In 2010, three major events happened in my life.
I moved to Doha to work in Education City. The Arab Spring exploded in Tunisia. And Qatar won the World Cup bid.
Since then, I have witnessed massive changes in the Gulf region, and none more than in Qatar.
When I first arrived in this wealthy Gulf state 12 years ago, the plight of the migrant workers who came from South Asia to Qatar to work in construction, security, and the service industry was under scrutiny for exploitative practices. The Kafala sponsorship system in the Arab Gulf gave companies almost complete control over migrants.
Winning the World Cup put a spotlight on these issues. In the intervening years, legislation was passed to help protect these workers from predatory employers and unsafe working conditions.
The Kafala system has been abolished. A minimum wage was instituted. Strict rules now exist about working during the hot summer months. An International Labor Organization office opened here. Companies can now be blacklisted for workplace fatalities.
In the days leading up to the World Cup, the Western mainstream media portrayal of Qatar did not focus on any of the amazing progress or enormous changes in the last 12 years.
Instead I saw many of these media outlets regurgitating incorrect statistics from a very old and subsequently debunked article in The Guardian about worker deaths. Lazy journalism matched with anti-Muslim sentiment pushed me and my friends to roll our eyes in frustration at this coverage and its ungrounded assumptions.
During the World Cup, the news pivoted to the One Love armband.
Western mainstream reporters fixated on the fact that homosexuality is illegal here.
But when I consider the anti-trans agenda and the constant attacks on the gay community in the United States, it all felt a bit like the pot calling the kettle black. That sentiment is widely shared here. Who are they to throw stones when gay rights are only a recent achievement?
Change takes time, political stability, and dialogue. A good portion of the Arab world confronts instabilities or lives in the midst of war or revolution. Consider LGBQT rights in Qatar: no one is arrested or executed for homosexuality. Capital punishment is only applied to a small number of extremely serious crimes and homosexuality is not one of them.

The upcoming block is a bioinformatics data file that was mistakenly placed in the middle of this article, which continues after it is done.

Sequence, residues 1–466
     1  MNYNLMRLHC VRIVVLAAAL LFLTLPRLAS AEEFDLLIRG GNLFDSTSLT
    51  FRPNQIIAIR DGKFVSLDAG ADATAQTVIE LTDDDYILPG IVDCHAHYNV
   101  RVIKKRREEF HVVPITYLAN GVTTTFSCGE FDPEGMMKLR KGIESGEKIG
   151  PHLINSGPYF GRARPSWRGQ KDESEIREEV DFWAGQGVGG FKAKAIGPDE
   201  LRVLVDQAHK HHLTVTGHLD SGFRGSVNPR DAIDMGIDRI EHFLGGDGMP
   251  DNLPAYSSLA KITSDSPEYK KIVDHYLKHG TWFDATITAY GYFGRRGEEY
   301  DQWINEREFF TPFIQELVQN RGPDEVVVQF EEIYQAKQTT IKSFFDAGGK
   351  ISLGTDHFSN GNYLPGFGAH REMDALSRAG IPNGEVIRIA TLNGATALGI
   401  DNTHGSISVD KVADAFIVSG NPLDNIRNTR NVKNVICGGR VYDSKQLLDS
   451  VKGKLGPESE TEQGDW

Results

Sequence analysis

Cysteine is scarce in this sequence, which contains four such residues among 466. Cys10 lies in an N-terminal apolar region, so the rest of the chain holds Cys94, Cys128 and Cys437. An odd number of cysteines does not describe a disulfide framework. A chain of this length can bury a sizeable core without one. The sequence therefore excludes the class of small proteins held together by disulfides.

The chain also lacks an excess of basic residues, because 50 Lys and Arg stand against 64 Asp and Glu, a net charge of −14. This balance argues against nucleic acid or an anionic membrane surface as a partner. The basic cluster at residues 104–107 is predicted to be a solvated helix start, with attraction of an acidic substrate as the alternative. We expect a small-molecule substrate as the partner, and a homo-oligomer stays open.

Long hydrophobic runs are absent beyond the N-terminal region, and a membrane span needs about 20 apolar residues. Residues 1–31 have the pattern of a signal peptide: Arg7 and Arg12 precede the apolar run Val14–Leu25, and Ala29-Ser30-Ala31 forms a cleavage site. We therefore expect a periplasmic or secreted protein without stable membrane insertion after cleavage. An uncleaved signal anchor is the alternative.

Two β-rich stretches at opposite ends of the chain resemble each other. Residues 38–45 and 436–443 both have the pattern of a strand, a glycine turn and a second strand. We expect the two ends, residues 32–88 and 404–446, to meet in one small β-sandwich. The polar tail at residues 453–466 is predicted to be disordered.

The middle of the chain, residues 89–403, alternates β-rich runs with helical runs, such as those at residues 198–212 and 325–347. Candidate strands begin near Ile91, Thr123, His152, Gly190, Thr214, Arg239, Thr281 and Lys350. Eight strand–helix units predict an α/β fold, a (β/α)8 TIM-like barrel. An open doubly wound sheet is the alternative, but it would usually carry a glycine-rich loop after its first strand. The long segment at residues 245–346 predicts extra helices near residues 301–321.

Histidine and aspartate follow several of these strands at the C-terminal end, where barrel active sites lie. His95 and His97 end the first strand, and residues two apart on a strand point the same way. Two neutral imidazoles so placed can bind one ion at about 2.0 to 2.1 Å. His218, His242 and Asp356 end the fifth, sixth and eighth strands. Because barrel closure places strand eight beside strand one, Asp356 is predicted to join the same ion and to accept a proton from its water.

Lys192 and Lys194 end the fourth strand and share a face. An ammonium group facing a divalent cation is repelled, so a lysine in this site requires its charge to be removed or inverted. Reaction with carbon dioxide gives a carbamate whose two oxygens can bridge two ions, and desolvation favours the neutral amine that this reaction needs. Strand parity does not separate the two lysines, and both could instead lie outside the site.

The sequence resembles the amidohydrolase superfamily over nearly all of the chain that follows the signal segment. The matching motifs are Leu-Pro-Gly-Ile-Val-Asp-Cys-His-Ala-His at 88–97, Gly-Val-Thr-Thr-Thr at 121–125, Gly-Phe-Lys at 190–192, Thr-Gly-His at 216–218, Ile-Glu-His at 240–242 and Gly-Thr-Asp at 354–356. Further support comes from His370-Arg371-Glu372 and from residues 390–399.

This persistent and distinctive lack of truth in the reporting I was hearing from the West had all of us here shaking our heads in wonder. Does anyone fact check anything?
I was lucky enough to get tickets to several football matches. I was blown away by the sense of unity, optimism, and joy shared by all those in the stands.
The Tunisian game I attended was positively electric. Their fans were infectiously energetic. At the entrance to one stadium, local college students held up signs of support for Palestine. At another game, a Syrian man was handing out cups of karak, a mixture of tea, milk, and sugar.
All around Doha, people are smiling, putting that famous Qatari hospitality on display. I’ve seen locals help fans adjust their country’s flag ghutrahs, the traditional head scarf worn by Khaleejis, repurposed by local shops so anyone can cheer on their team in stylish head gear. They could have been annoyed that their clothing was appropriated by the fans from far and wide. I saw the opposite: genuine pleasure to share their culture.
One cannot ignore how Islamophobia contributes to the false narratives and sensationalism surrounding these games.
Rather than fall back to this tired Middle East-phobic rhetoric, I urge journalists and content creators to research, investigate, and interview sources themselves before jumping on the bandwagon of misinformation.
Listen to the invigorated Arab and African voices bound together in pride at hosting the first World Cup in the MENA (Middle East North Africa) region.
We live in incredible times of rapid change in the Arab World.
And that is the real story of the Qatar World Cup.
Elizabeth Hoffman taught film production at the University of South Carolina before moving abroad to work at Northwestern University in Qatar. She enjoys travel and life as an expat in Doha with her partner and two young children. She is currently working as a freelance editor and coordinator at her daughter’s Montessori PTA. She graduated from the Roy H. Park School of Communications at Ithaca College in 2004.
All photos illustrating this piece were photographed by Elizabeth Hoffman.